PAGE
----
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Jakarta Post

Disney fund names West Kalimantan woman environmental hero

  • News Desk

    The Jakarta Post

Jakarta   /   Sat, February 8, 2020   /   08:23 am
Disney fund names West Kalimantan woman environmental hero Ida Saparida was named a 2019 environmental hero by the Disney Conservation Fund thanks to her efforts to uplift her community of craftmakers while pushing conservation in forests in West Kalimantan. (Courtesy of The Walt Disney Company/-)

Walt Disney Co.'s Disney Conservation Fund (DCF) has named Indonesian woman, Ida Saparida, a hero of the environment in its 2019 list, among other environmentalists from 50 other countries who have devoted their lives to fostering conservation efforts in their communities.

“Taught at a young age by her mother how to weave traditional mats from Pandanus leaves, Ida values the cultural importance of her handicraft skills, protecting forest resources and creating sustainable incomes for the local people in Indonesia,” as written in The Walt Disney Company official website.

Ida is the chief craftmaker of the Mata Pencaharian Berkelanjutan (Sustainable Livelihood) Program in a remote village in North Kayong regency, as reported by kompas.com. The village and the regency are located in the buffer zone of Gunung Palung National Park in the province.

Her journey began in 2011, when she attended a sustainable livelihood workshop hosted by the Gunung Palung Orangutan Conservation Program (GPOCP). She developed her skills as an artisan to build her career.

Read also: Nine Indonesian women recognized for outstanding scientific contributions

She understood that her community must actively preserve the forest to avoid deforestation. Following her mother’s footsteps as a craftmaker, she felt the need to encourage her community of craftmakers to use natural resources sustainably in their work.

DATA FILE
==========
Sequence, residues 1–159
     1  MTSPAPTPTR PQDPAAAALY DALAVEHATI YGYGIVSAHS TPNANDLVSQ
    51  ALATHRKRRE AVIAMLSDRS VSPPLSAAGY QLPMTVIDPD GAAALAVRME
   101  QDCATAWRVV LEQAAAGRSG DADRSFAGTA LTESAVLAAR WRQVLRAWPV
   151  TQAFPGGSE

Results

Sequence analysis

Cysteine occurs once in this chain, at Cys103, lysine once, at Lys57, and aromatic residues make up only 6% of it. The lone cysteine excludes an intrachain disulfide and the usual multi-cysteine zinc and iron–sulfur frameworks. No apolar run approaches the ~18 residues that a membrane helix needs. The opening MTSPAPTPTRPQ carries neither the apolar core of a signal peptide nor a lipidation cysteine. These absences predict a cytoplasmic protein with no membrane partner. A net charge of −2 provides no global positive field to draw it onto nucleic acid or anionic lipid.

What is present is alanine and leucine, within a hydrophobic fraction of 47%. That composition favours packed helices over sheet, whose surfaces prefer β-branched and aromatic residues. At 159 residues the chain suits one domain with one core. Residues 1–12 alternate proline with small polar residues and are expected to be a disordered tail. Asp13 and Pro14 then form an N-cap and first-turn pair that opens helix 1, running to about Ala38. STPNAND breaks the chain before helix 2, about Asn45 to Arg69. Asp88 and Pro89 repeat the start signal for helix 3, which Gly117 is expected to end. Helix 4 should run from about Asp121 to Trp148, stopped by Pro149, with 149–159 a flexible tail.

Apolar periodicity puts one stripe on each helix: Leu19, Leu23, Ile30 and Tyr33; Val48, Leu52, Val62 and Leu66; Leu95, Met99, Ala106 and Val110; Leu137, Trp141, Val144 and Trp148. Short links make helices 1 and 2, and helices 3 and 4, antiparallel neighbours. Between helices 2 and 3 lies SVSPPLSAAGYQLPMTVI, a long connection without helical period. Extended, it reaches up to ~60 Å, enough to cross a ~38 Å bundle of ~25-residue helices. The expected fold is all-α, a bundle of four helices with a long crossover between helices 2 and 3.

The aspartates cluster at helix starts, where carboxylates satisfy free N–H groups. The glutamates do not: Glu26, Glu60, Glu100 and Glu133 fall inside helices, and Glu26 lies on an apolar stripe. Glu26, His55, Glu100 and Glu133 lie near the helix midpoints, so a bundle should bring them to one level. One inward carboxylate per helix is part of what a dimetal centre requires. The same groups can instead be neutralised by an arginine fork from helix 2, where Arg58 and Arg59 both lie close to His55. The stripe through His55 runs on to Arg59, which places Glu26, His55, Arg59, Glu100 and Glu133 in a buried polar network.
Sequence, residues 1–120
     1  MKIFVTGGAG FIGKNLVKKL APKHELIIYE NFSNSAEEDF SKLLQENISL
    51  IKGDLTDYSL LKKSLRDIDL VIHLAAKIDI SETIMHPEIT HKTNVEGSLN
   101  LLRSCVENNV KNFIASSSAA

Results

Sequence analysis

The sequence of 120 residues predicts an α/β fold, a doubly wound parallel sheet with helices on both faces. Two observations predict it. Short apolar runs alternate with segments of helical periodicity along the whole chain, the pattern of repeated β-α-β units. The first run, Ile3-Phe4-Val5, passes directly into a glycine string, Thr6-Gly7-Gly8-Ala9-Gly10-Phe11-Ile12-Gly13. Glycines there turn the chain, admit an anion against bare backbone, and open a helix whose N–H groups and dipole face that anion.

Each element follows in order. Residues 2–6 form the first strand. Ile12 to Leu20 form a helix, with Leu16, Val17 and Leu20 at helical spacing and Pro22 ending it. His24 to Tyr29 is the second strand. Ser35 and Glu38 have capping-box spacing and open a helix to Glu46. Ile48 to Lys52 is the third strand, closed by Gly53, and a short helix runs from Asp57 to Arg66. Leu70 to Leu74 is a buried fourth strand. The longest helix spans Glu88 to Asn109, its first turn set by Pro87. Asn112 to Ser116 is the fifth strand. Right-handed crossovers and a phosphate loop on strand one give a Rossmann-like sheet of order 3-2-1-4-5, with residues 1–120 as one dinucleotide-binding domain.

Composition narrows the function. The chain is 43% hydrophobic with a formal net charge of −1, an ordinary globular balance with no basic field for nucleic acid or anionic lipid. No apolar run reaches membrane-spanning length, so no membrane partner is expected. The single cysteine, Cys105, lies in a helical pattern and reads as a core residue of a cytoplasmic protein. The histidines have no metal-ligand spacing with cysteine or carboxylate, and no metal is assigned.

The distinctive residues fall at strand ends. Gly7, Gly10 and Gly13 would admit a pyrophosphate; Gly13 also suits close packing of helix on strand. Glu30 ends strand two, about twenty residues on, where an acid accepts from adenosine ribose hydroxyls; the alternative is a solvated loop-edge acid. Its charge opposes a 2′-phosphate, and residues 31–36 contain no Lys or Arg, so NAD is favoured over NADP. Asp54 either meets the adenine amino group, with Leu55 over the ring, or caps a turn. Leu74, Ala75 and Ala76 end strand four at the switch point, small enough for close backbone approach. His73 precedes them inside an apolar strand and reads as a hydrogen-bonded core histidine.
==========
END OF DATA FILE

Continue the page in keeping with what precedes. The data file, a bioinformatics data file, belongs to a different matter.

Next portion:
Ida later used her network from a workshop she attended to help the community reach a wider market. She helped form cooperation between her community, private distributors and the government, allowing artisans to sell large quantities of their crafts.

Such cooperation helps community members, especially those involved in mining and logging activities, to look for alternative and sustainable livelihoods.

“She [is] volunteering to teach traditional weaving techniques at local schools, mobilizing hundreds of people across communities to use wild plants for economic stability, and spearheading agroforestry efforts,” the DCF wrote on its website.

Ida’s success has inspired many people in other places across the country to advocate for forest conservation as well as a return to traditional crafts for economical and sustainable livelihood options.

Since 1995, the DCF has been supporting nonprofit organizations with initiatives of community conservation to protect the planet and preserve wildlife. The fund has recognized more than 180 heroes around the world. (syk)